State will try four-day work-week to cut energy use

Gov. Chris Gregoire this week directed selected state agencies to experiment with a four-day workweek and to put into place additional measures for saving energy.

Some agencies will be adopting the new schedule at all of their offices, while others will be moving to the 10-hour, four-day week at selected locations. These agencies are:

— Department of Archeology and Historic Preservation (agency wide)

— Department of Community, Trade and Economic Development (Olympia headquarter buildings)

— Department of General Administration (Materials Management Center, warehouse facility)

— Department of Personnel (training facility in downtown Olympia)

— Department of Fish and Wildlife (Union Street office, back office operations)

— Department of Services for the Blind (Seattle field office)

— Department of Veterans Affairs (headquarters operations)

— Office of Minority and Women’s Business Enterprises (agency wide)

— Parks and Recreation Commission (Auburn regional office).

“Last month I asked employees for their ideas to help save energy in state government, and the suggestion to try a four-day workweek was the most recommended,” Gregoire said. “I am asking certain agencies to try the new schedule to see if it helps save energy while maintaining the level of service expected by state residents.”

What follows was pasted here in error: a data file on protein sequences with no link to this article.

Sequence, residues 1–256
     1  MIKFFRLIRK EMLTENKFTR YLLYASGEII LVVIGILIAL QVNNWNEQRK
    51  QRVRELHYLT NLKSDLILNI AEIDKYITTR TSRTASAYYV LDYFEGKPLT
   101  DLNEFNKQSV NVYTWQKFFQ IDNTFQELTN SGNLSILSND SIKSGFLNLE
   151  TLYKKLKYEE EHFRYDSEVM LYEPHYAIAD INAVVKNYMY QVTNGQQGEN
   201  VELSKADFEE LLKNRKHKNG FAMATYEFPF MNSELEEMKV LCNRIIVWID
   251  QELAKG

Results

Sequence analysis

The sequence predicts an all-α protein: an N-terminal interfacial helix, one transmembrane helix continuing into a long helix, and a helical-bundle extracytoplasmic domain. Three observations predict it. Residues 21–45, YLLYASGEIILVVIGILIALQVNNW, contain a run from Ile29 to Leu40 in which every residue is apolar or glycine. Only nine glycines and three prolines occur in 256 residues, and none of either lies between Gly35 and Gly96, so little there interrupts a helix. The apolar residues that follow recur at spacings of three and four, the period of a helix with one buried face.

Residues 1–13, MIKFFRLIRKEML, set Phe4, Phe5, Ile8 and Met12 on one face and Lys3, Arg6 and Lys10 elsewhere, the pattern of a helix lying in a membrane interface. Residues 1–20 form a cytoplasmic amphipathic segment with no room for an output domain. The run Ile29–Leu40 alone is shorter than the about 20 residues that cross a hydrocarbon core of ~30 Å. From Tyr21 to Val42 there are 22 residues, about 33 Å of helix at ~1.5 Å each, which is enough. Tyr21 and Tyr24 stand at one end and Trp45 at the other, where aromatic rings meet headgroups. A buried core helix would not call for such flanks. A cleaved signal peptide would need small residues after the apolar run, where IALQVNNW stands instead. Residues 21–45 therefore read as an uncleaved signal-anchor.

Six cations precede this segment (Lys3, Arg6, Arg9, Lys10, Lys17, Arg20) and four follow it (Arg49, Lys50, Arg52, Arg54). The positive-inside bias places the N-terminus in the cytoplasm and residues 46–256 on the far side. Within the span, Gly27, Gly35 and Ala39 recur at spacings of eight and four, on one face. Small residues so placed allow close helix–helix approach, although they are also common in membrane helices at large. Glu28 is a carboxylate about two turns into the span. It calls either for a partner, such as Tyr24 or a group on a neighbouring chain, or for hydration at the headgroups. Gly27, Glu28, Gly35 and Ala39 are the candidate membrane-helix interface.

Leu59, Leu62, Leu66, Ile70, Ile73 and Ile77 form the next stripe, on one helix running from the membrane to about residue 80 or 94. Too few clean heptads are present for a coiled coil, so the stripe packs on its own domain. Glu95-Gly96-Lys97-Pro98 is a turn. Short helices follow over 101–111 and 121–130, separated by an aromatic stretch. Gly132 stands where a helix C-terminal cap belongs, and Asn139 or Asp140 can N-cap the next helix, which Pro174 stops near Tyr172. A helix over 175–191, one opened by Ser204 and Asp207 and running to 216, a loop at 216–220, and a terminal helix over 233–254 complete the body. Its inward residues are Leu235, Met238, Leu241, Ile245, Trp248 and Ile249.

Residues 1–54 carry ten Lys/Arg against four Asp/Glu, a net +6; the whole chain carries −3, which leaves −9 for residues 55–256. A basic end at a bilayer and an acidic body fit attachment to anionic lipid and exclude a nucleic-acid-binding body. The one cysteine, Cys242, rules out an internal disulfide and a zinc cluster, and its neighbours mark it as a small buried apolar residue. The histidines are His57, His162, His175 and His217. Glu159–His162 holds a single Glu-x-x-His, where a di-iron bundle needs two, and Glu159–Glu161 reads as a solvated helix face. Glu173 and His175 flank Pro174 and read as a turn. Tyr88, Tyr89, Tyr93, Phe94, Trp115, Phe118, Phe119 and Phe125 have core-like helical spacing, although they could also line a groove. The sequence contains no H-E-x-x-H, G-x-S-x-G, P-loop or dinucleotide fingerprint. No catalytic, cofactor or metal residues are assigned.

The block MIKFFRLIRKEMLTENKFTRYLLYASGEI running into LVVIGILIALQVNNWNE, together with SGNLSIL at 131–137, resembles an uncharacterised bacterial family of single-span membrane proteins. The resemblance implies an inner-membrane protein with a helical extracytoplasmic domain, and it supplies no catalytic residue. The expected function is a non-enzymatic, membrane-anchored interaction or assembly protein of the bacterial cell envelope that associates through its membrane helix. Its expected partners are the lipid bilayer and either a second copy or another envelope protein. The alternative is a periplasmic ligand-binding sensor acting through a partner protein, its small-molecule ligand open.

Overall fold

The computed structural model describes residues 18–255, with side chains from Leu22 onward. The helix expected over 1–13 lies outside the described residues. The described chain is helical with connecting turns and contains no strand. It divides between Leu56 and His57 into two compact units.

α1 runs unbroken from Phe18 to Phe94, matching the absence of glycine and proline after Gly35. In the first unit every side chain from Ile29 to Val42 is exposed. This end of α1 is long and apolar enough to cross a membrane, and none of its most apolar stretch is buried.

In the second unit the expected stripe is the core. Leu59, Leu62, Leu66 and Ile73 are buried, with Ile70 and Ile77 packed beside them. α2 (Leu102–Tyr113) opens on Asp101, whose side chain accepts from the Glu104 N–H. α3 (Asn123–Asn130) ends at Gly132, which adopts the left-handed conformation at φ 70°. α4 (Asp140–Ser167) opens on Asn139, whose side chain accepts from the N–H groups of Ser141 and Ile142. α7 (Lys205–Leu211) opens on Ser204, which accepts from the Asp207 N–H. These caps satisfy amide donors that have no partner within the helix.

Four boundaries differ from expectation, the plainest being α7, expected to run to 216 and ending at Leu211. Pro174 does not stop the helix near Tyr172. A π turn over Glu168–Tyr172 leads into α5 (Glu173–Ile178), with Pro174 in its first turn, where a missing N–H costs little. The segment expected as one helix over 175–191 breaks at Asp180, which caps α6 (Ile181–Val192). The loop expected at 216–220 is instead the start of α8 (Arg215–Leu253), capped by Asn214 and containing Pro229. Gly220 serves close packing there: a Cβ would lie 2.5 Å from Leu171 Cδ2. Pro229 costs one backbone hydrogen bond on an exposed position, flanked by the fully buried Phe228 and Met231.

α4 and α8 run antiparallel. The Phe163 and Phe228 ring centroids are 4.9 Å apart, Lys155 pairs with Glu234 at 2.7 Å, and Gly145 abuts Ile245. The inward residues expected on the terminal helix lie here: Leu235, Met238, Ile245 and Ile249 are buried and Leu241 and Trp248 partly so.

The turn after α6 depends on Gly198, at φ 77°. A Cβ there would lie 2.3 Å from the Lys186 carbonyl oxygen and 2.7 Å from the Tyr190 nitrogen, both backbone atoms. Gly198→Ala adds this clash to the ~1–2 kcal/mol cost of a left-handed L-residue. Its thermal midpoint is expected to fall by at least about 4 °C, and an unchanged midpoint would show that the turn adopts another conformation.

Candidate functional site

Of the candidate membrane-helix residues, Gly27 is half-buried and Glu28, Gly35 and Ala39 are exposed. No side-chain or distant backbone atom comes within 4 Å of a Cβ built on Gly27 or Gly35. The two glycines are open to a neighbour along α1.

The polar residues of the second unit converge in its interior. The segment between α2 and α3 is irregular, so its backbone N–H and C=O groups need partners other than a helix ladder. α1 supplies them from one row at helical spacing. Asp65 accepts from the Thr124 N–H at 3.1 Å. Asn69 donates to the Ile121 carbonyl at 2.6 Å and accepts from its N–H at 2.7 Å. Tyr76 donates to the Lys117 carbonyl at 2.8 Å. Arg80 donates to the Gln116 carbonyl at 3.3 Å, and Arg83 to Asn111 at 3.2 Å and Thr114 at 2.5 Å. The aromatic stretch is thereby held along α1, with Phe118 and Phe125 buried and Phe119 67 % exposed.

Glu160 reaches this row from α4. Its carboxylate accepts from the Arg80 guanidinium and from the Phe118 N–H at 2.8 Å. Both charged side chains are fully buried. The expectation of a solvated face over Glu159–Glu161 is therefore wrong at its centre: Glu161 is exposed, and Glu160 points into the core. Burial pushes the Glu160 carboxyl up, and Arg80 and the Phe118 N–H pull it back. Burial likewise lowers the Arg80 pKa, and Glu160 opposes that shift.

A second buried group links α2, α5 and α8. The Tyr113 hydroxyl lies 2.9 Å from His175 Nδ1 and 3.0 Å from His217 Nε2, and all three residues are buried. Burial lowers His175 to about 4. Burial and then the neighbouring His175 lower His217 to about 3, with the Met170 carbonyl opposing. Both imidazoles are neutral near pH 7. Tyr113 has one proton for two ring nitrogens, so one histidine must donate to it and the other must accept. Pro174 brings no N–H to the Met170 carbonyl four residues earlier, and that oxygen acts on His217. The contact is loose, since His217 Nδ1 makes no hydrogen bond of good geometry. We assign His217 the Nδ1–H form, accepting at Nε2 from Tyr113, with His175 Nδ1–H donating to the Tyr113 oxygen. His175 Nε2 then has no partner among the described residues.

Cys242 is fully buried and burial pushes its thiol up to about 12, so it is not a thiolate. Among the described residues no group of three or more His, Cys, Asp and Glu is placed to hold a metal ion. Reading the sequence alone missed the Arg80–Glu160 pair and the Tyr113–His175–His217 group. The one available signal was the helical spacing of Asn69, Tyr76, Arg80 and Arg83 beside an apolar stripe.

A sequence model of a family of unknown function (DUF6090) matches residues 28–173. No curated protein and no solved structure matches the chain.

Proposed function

Advantages that might be gained by the new schedule include:

— Reduced environmental impact due to lower energy use;

— Fewer commute trips by employees, which will save gas, help the environment and reduce burdens on our roads;

— State budget savings in reduced energy and janitorial costs;

— Increased employee satisfaction;

— Increased customer service by offering extended hours Monday through Thursday.

The offices were chosen for the test based on several criteria, including staff willingness to participate, opportunity to close an entire facility and ability to realize significant energy savings.

The agencies involved in the test represent approximately 650 state employees in almost 260,000 square feet of offices and other building space owned or leased by the state. The pilot agencies will meet next week to develop the pilot start time and duration.

Gregoire also directed all state agencies to implement additional energy savings measures. These approaches are already being used in some agencies, and the governor is asking all agencies to follow suit.

The measures primarily fall into three categories: smart travel choices, limiting energy usage and reducing resource consumption.

These changes build on energy savings initiatives already adopted by the state. These include the requirement that new state-funded building projects must meet Leadership in Energy and Environmental Design (LEED) Silver standards, funding of Green Energy Grants, installation of computer-shutdown software, and an emphasis on purchasing flex-fuel vehicles for the state motor pool.